Tuesday, July 12, 2011

Desert Adventure, Part 5: Where Weasels Dare

My first shift in the Indian Hospital ER was over, and I walked the short distance back to my house with a lot on my mind. I entered the house, walked to the refrigerator and pulled out a Guinness. Tossing my keys on the desk in my room, I changed out of my scrubs and into a ratty old T-shirt and baggy shorts. I opened the bottle, flopped into a chair, put my feet up, and took a drink. The ice-cold stout was like a balm for my dry throat.

I opened up the orientation folder and waded through the paperwork until my stomach signaled its readiness for dinner with an unseemly churning growl. I looked up at the clock and was shocked to find that nearly three hours had passed. Darkness had settled over the high desert, and outside the window I watched a bat as it shot recklessly back and forth through the bug-crowded cone of light cast by a nearby streetlamp. Somewhere in the darkness, a coyote emitted a high, rather feeble cry. The reality of how far removed from my family and home I was- and the disappointment of my first shift- set in at last, and I fell into a dark and sullen mood.

This won’t do, I thought to myself. You’ve slept in mudholes in the rain. You’ve been ten thousand miles away from your family without any way to contact them. You’ve been in some really crappy predicaments, far worse than this. This is nothing. Pull your head out, doofus.

I shook my head, stepped away from the window, picked up my cell phone from my nightstand, and called home.

After a ten-minute pep talk courtesy of my wife, I was finally ready to give in to my stomach and trooped into the kitchen, where I whipped up a skillet of Hamburger Helper (I love the stroganoff) and popped another Guinness as I stuffed my face with comfort food. I went to bed with the uneasiness somewhat improved, and slept hard.

The next morning I awoke, showered, dressed, and walked in the chilly dawn back to work at 0700. I noticed the doctor, asleep in his chair at the desk, his head lolled back, and his mouth wide open. A rattling, nasal wauggghh came forth from his gaping maw. After stuffing the paperwork I had completed the night before into the slot by the manager’s office door, I settled into a corner of the charting area to continue my slog through the remaining forms. Not long after, Ramona the ER Tech approached me.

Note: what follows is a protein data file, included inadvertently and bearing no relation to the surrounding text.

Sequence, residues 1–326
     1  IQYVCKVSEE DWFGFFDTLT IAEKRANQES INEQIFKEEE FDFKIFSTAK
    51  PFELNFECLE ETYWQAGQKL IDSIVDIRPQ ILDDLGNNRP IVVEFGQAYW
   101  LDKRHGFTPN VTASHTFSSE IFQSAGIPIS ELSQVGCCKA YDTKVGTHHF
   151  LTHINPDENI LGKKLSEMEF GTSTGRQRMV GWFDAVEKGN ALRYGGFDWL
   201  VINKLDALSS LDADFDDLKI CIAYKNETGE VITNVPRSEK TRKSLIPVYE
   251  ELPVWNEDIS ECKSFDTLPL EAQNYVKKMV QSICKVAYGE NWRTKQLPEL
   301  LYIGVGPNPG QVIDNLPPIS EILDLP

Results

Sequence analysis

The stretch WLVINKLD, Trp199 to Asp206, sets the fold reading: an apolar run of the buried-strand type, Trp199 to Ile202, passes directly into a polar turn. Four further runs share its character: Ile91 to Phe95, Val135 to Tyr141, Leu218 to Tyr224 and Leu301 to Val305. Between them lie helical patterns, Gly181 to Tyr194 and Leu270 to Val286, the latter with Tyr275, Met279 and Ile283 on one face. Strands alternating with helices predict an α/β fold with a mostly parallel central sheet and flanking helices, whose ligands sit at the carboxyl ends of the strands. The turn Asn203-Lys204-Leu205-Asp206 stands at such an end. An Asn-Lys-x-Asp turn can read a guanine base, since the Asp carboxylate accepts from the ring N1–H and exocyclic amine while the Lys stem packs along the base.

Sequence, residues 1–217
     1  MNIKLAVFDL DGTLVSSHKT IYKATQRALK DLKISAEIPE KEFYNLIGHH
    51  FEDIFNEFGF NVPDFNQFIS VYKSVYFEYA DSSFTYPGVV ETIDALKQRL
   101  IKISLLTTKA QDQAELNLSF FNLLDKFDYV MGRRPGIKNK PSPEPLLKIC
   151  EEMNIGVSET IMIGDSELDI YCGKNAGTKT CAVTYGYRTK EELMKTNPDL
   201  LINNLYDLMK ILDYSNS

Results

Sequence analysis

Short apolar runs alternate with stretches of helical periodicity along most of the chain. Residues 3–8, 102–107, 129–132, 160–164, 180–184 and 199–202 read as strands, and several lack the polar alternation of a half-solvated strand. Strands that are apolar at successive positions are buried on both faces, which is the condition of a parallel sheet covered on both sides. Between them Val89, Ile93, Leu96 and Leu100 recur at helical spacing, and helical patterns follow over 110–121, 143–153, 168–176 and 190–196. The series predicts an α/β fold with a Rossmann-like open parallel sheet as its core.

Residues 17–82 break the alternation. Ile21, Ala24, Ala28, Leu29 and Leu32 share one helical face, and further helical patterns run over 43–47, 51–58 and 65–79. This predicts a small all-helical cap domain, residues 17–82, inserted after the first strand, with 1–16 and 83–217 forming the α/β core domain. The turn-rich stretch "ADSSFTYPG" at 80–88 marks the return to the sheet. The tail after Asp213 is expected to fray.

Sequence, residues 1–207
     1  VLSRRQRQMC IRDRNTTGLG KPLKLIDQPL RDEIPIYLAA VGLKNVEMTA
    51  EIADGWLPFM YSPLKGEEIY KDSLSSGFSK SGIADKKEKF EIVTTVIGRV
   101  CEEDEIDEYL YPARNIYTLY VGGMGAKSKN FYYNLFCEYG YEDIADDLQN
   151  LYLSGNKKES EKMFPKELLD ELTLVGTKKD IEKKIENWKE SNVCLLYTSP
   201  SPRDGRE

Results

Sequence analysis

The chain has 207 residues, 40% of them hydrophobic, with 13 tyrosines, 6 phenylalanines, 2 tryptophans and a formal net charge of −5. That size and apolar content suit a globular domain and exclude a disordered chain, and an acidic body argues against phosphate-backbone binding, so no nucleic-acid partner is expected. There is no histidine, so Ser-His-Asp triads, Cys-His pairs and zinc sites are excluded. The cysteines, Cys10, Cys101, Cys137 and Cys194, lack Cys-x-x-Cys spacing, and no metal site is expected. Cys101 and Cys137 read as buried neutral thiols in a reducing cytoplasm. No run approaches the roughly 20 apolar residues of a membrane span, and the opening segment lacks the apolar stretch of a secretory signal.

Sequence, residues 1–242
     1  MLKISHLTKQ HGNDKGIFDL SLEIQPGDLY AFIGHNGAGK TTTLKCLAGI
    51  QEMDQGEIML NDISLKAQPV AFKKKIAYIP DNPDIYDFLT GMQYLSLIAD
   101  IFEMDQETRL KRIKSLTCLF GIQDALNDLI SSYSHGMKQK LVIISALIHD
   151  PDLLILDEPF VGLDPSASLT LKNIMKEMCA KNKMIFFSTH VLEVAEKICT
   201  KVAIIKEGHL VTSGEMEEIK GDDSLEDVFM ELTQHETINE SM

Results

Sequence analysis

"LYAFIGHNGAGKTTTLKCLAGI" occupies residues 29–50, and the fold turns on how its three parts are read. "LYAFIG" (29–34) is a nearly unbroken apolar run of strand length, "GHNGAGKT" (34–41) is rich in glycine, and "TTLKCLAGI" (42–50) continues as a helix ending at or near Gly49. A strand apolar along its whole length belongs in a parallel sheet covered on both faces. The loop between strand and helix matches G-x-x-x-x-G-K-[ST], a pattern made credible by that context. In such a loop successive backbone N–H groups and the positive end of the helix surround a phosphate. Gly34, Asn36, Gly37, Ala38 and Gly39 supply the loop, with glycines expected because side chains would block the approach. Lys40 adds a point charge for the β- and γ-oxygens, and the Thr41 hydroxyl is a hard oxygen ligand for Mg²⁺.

“Lucille is a no-show. You’re in charge.”


I stared blankly at Ramona for a few seconds, blinked a few times, and summoned the presence of mind to ask, “Did you call her?”

“Yep. No answer. I tried three times, on both her home and cell.”

“I see…”I said. Then, I asked hopefully, “Is anyone else coming in?”

“Not until noon, but it’s a new traveler.”

At least the place is empty right now, I thought. I set aside my paperwork and stood up.

Trying hard to suppress any hint of panic in my voice, I said, “Okay, Ramona. I’m going to need your help. I have to call pharmacy so I can get an access code to the med room and a logon to the Accudose. I also need to know where the important stuff is at. I’m going to need the protocols and standing orders book so I can get up to speed. Are there any RNs on standby?”

Ramona shook her head.

Of course not.

“Does the manager help out on the floor if we’re short-staffed?”

Ramona horse-laughed. And it was not just any horse-laugh. This was a throw-the head back, full-throated, “Haw-Haw-Haw-Snort-Snort-Haw-Haw-Haw” horse laugh.

Waaaaaauuuuuuuuughhhhhhhhh , offered the narcoleptic MD.